were there in an attempt to reclaim a childhood moment as our grandparents
had taken us to this opera when we were rather young, but the vast
expense did not quite compensate for the fact that I had my delightful
daughter with me in some strange passing of the musical baton.
The baton seems to have been dropped by the way.
The only other live opera that I can recall was one of those special
events which you do when you go overseas. This was a very, very long
time ago when Eric Frommer’s ‘Europe on $10 a day’
was almost realistic as a concept if not a reality. Anyway, my treat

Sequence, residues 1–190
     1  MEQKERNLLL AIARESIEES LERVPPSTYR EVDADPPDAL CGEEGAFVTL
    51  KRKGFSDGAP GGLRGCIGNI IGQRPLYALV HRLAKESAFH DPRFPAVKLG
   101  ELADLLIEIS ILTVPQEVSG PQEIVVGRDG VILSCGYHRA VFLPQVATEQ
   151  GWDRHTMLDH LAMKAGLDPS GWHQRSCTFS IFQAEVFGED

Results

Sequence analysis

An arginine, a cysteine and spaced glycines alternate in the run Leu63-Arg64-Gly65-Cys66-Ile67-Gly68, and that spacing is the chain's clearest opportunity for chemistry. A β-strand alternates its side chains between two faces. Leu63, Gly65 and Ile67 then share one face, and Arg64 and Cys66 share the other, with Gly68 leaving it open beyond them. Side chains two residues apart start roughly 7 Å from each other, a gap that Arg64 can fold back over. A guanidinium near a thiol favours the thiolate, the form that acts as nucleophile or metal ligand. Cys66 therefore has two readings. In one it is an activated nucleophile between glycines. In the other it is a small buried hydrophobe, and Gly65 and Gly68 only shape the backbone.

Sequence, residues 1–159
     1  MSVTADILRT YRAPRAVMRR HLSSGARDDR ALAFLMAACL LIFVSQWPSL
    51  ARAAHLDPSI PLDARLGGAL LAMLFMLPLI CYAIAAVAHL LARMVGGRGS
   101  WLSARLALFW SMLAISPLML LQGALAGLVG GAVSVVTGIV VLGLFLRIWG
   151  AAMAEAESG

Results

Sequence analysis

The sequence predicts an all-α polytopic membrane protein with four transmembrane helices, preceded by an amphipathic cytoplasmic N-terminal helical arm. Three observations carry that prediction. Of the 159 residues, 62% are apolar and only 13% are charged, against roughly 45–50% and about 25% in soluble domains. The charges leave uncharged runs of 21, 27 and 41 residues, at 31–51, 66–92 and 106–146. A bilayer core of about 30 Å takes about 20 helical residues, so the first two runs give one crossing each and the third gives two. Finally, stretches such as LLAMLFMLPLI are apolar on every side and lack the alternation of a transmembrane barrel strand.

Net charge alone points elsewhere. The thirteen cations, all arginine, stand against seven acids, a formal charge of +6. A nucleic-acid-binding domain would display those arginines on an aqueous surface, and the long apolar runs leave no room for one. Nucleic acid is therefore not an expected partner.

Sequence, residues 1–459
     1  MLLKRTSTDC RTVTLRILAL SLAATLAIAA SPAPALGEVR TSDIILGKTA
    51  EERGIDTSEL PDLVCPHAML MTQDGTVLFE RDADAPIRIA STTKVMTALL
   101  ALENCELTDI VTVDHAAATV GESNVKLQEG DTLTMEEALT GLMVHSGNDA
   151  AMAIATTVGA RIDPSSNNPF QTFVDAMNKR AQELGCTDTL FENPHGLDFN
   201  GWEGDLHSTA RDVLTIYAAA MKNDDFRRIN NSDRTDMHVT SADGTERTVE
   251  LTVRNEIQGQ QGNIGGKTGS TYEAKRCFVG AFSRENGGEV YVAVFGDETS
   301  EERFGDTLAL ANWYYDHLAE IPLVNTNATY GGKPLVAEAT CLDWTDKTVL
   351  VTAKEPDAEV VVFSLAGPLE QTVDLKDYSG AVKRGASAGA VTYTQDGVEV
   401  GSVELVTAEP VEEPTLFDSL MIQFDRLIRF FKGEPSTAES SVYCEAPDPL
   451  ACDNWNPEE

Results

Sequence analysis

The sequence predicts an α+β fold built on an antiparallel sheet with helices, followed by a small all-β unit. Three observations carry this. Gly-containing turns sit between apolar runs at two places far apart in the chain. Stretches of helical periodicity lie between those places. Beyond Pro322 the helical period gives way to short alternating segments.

was to go to Covent Garden and see Mozart’s Magic Flute, which
to my delight and surprise had Kiri Te Kanawa singing. We knew nothing
about the opera and couldn’t afford a programme and so what
was happening on stage was a total mystery as, in those ancient times
there were no sur-titles. Even if you read about the opera, which
apparently has Masonic subtexts, it is still a perplexing mystery
so we had genuinely baffled expressions for nearly all the performance.
But the music was magical and Kiri, even though far away from our
seats in the gods was astounding. And loud
My only concern is that the audience is of a similar vintage to myself
and my friends. A fading sea of silver that will pass away leaving
only faint images dancing in an empty theatre echoing with magnificent
voices that could break your heart.
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Trans-Tasman Tales - An Overstory about Postcapitalism
My tardiness following our editor’s urgent